BOISE, Idaho — E-scooter brands Lime, Bird, and Spin took Boise by storm last year. While they have had their fair share of use, the city has also had its fair share of issues, such as tire marks on downtown sidewalks and scooters left sprawled across walkways.
But now, blatant vandalism can be added to the list.
Carson Buchanan looked out his North End apartment window Thursday evening to see a teen vandalizing an e-scooter on the sidewalk below. Buchanan captured the incident on camera.
"It kinda goes back to that saying, 'this is why we can't have nice things,'" Buchanan said. "I saw that they were slamming them repeatedly on the ground, breaking the kickstands on each one, and one of the kids took out a knife and started deflating the tires."
Buchanan explained that the incident happened in broad daylight at 14th Steet and State Street, and was confused as to how they thought they wouldn't be seen.
With the high number of e-scooters in Boise, scooter companies told KTVB they know that this type of vandalism takes place.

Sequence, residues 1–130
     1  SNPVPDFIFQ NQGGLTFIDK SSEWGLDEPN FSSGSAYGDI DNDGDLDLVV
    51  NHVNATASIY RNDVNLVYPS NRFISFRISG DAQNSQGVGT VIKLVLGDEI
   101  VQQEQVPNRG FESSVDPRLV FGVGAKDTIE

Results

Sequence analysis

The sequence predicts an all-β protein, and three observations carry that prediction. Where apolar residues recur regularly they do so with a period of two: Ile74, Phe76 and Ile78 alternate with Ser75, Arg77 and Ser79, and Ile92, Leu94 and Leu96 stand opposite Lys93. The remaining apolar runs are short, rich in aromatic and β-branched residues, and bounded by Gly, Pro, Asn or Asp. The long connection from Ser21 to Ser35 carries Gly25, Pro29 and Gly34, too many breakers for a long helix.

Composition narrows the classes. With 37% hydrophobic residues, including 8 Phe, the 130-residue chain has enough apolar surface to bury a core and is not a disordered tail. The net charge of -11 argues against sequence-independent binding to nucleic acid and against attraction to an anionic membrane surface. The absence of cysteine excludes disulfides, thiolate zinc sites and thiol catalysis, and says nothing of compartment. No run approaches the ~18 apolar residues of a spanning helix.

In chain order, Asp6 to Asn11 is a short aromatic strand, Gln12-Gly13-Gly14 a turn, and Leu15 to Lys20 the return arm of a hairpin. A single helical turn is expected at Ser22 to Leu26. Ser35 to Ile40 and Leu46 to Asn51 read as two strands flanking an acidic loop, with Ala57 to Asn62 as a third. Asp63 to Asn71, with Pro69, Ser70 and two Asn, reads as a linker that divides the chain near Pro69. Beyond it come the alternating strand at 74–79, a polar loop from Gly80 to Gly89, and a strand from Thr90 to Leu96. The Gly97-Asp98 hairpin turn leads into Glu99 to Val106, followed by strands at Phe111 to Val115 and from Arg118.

Bird released in a statement, saying that "vandalism of any kind should not be accepted" and the company encourages people to report it directly to them.
Spin said they train their crews to remain "vigilant" and "work closely with local authorities."
A Lime spokesperson also recommended people report vandalized scooters through their app, but said vandals will be held accountable for their actions, and the company will prosecute to the full extent of the law.
E-scooter vandalism raises safety concerns for folks in the North End.
"I could see how if things are being knocked loose, and an unknowing person gets on to ride it unaware how it could possibly break on them while they're riding it at a higher speed," resident Carly Jivelekas said.
"When you're cruising down the street at 15 miles per hour you don't wanna take a digger because of someone else's negligence," said another resident, Cody Martin.
As a rider himself, Buchanan said he hopes scooter companies will take a more active role in protecting them.
"I think that would encourage the police to do a little more searching and hopefully get some people nailed down that are doing this," Buchanan said.
Buchanan said he talked to police twice - once on the phone, the second time in person, and they told him both times there is not much authorities can do unless the company chooses to press charges.